This, for me, is the search for typos, punctuation errors, mis-spellings, grammar corrections, that sort of thing. Yes, we can rely on a (reliable?) editor and a not so reliable spell-check, but the editor usually costs money. Or we can learn to do it ourselves, which is what I recommend very strongly.

Grammatical revisions and expression checks
These are usually a little more difficult to deal with. Do the verb tenses check out? Are subject and verb clearly delineated? Does the wording make sense, not just to us, but to the outside reader? A second pair of eyes is always useful at this point. Also, a sense of distance from the text is useful. Leave it a day (or two) and come back to it later when he creative rush has fled the system.

Structural revisions 1
Whenever we do a structural revision, it is essential to check that the revision ties in with the rest of the piece and that we maintain consistency throughout. A simple example: I decide, on page 77 of my novel, to change my main character’s name from Suzie to Winnie. Clearly, her name has to be consistent, both backwards (1-77) and forwards (77 onwards). While this is obvious, other changes, taste, color of hair, color of eyes, height, weight, tv program preference, may not be so easy to check and double-check. But it must be done.

Structural Revisions 2
This is where we must pay attention to the vision in the re-vision. We must ask the question, what does the poem / story / chapter / text want to say? What is it actually about? Often, in the flush of creation, we write words (actions, thoughts, emotions) on the page and they flow like water from a fountain. It’s a wonderful feeling. Later, during the re-vision process, we must ask ourselves, again, deep down, what do these words mean, what are they trying to say? This is actually a slightly different question from what am “I” trying to say?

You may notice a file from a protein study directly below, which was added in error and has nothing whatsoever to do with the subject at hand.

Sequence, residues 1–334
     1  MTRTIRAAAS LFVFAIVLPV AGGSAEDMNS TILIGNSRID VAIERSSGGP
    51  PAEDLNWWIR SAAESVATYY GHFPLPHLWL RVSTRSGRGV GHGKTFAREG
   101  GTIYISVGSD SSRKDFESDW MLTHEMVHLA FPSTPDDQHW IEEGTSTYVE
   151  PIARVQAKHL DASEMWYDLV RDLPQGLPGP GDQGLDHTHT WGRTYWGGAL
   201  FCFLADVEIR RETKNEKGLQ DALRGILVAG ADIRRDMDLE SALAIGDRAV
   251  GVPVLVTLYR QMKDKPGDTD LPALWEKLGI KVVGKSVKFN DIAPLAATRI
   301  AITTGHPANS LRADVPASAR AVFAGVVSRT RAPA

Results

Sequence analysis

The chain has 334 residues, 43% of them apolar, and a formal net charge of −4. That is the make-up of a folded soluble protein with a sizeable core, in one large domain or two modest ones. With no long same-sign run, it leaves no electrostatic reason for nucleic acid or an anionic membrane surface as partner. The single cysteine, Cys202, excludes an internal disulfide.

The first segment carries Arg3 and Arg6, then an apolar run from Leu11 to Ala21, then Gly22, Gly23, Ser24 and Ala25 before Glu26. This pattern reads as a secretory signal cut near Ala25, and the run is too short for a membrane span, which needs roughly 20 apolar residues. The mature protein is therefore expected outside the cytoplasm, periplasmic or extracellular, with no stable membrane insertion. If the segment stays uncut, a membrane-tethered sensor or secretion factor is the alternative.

The speaking / writing voice may want to say something, but the words (and characters and actions) themselves may want to say something else. Now we are faced with a dilemma: do we write what we want to say or do we follow the intricate word-path growing from what we have written? As a beginning writer, I did the former. As a more mature (and I hope, a slightly better writer) I now do the latter.
The result is often a piece that is radically different from it’s starting point. When you listen to what the story / poem / text / characters etc are telling you and when you follow words and characters, then structure changes, paragraphs switch places, thoughts move around, expressions change. We are no longer forcing words into our meanings, we let the meanings grow out of the words. This is particularly important in short story telling and the writing of poetry. It is vitally important to the novel where any inconsistency must have a relevance to the development of action, plot and character. It is also a totally different approach to the meaning of re-vision.

Summary
I realize many writers may have difficulty accepting these points. Those trained originally in the academic world, in particular, will respond negatively to the idea of the words ‘not being forced into the correct academic shape by the quasi-omnipotent academic mind’ aka Constable Thesis Editor. However, the more creative a writer is, the more that writer will respond to the creativity that lies within both the creator and the creation that has appeared on the page and, as writers, we must never lose sight of that creative act, for it is one of the most truly wonderful things that we can do.

Dark Night

 

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Dark Night
(1577-1579 AD)

candlelight
stole the moon’s halo
moth sputtering to its death
this owl high-flying

a cat tears out
mouthfuls of hair
swallows
spits out a hairball
swallows
steal it for a nest

dish and spoon
dance
cats and dogs
rain golden
milky the way
earth’s
thirst is quenched

blind hands
deaf fingers
no longer deft
voices breaking
waves
an unstrung
guitar of sound

fire will one day
come to claim us all

Autograph

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Autograph
(1603 AD)

it spews out words
bones to hungry
academic dogs
gnawed the word-knot
grammar’s gristle
doubly chewed
then eschewed

wet concrete sets
where the statute’s
clay feet whisper
damp follies
to waiting bergères

prance advance
macabre the dance
ink its acid burning
fragile the page
held to the light

pin-holes where stars
peep through thin paper
more fragile than
parchment

parched for knowledge
crisp pages crumble
under the fumble
thumbed
by dumb hands
lusting eagerly
for  wisdom drawn
from bone-dry dust

Polyphemus

 

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Polyphemus
(1613 AD)

Davey-lamped
one-eyed king
caged in his cavern

a songbird
dispels shadows
lights up his life

pit pines creak
can’t strike a match
walking by touch

lungs black and scarred
following the seam
back to iron cages

singing dark hymns
hoping to surface
to walk in sunlight

a jail cell
these bars’ lifelong
death sentence

below the pit-ponies
frantic and anxious
the pit’s pet canary
dead on his perch